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Certification

Safety at sea and on shore is an important factor in the maritime industry. To ensure that our fleets, crews and businesses meet the specific requirements set by the regulators, many codes and conventions are in force.

What is it?

To make sure these standards are met there is a large amount of certification required to prove that a ship, its crew, businesses, and shore-side staff meet the national, regional or international requirement.

Onboard ships, certificates can range from emergency pollution plans and ship security plans to construction certificates and certificates of insurance. Other certificates can cover the certificate of registry (specifying the nation registry of the vessel, and certificates of survey) as well as the certificate of class which is issued by the classification society confirming that the vessel is classed by them.

what does it do?

In order to trade and, more importantly get customs' clearance at each of its ports of call, the ship will have to maintain and carry on board at all times, a complete set of certificates.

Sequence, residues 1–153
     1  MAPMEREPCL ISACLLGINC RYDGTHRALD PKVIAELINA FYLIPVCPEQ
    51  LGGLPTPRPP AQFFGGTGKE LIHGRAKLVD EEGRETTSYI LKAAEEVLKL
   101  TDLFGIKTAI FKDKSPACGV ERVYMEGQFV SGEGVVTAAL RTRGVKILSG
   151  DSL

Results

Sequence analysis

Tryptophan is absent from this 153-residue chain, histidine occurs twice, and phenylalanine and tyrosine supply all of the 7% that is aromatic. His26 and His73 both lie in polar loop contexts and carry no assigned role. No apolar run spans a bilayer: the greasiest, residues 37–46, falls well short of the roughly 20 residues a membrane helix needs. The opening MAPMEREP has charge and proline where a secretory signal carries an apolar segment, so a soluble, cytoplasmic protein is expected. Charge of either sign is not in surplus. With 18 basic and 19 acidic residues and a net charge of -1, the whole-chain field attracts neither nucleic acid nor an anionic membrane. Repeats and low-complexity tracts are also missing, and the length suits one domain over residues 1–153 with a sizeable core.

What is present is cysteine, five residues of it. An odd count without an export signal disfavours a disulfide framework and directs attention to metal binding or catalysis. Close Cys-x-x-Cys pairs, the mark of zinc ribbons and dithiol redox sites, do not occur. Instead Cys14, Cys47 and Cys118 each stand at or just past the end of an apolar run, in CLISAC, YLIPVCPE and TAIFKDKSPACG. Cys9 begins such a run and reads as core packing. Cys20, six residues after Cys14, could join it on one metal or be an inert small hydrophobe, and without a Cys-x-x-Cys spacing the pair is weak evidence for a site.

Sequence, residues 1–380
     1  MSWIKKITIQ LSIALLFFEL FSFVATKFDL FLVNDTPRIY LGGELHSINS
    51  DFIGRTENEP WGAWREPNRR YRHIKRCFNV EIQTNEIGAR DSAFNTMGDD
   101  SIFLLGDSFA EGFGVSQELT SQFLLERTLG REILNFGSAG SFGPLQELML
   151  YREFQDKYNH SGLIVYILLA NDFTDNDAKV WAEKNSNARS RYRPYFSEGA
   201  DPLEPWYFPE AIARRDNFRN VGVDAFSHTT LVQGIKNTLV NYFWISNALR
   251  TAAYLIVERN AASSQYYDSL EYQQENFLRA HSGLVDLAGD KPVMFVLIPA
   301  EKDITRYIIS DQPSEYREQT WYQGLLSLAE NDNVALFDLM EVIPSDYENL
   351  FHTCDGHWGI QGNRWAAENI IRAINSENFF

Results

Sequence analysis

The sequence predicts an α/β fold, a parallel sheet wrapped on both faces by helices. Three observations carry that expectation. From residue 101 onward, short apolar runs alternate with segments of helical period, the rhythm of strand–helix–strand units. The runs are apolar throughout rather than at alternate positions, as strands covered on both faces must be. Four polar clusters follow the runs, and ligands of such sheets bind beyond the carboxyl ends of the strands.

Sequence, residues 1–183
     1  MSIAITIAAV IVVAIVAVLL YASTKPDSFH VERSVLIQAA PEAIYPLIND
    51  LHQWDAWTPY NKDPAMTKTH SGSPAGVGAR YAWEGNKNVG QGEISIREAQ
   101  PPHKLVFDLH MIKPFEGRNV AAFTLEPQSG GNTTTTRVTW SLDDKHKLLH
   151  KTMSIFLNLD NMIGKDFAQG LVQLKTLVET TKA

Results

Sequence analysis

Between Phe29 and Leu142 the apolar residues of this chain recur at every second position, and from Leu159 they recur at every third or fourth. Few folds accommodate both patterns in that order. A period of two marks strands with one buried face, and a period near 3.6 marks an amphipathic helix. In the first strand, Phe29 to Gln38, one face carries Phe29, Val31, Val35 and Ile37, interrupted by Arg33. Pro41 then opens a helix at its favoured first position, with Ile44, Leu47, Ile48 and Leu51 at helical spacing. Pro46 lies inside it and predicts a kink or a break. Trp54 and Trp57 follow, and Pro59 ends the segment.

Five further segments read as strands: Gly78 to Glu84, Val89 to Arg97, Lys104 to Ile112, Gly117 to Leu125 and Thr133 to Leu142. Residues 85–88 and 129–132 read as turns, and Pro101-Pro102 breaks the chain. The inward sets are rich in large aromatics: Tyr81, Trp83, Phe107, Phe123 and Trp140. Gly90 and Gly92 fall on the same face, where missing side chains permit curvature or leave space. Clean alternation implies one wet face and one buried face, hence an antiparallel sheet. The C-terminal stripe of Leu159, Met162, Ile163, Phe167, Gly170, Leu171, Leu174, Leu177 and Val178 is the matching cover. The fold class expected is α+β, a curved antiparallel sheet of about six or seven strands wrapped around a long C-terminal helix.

Interesting facts

A Port State Control (PSC) inspection is a general practice that is carried out by port authorities around the world. The PSC inspectors make random inspections of ships calling at their ports, making sure that the ship are in proper condition and are following the rules that have been put in place by international maritime authorities.

A Port State Control (PSC) survey not only includes inspection of machinery, equipment, and ship’s structure, but also involves verifying of several ship certificates and documents.

Further reading

Institute of Chartered Shipbrokers - Shipping Business

Institute of Chartered Shipbrokers - Ship Operations & Management

Lloyd's Register - Certification for the Maritime Industry